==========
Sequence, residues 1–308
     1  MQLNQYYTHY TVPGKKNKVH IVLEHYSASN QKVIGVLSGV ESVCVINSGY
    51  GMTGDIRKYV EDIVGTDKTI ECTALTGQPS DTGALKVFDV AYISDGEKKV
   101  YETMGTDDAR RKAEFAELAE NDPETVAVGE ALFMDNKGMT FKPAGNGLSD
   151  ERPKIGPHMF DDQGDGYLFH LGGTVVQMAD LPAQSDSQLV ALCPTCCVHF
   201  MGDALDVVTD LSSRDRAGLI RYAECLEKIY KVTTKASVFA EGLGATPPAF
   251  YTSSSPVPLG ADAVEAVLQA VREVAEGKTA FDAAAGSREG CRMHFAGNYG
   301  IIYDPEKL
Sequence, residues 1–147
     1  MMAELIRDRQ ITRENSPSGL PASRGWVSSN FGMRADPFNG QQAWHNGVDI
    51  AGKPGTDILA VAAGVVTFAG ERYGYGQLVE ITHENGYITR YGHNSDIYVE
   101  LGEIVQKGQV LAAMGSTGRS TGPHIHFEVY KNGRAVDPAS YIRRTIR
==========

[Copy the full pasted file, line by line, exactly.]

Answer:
Sequence, residues 1–308
     1  MQLNQYYTHY TVPGKKNKVH IVLEHYSASN QKVIGVLSGV ESVCVINSGY
    51  GMTGDIRKYV EDIVGTDKTI ECTALTGQPS DTGALKVFDV AYISDGEKKV
   101  YETMGTDDAR RKAEFAELAE NDPETVAVGE ALFMDNKGMT FKPAGNGLSD
   151  ERPKIGPHMF DDQGDGYLFH LGGTVVQMAD LPAQSDSQLV ALCPTCCVHF
   201  MGDALDVVTD LSSRDRAGLI RYAECLEKIY KVTTKASVFA EGLGATPPAF
   251  YTSSSPVPLG ADAVEAVLQA VREVAEGKTA FDAAAGSREG CRMHFAGNYG
   301  IIYDPEKL
Sequence, residues 1–147
     1  MMAELIRDRQ ITRENSPSGL PASRGWVSSN FGMRADPFNG QQAWHNGVDI
    51  AGKPGTDILA VAAGVVTFAG ERYGYGQLVE ITHENGYITR YGHNSDIYVE
   101  LGEIVQKGQV LAAMGSTGRS TGPHIHFEVY KNGRAVDPAS YIRRTIR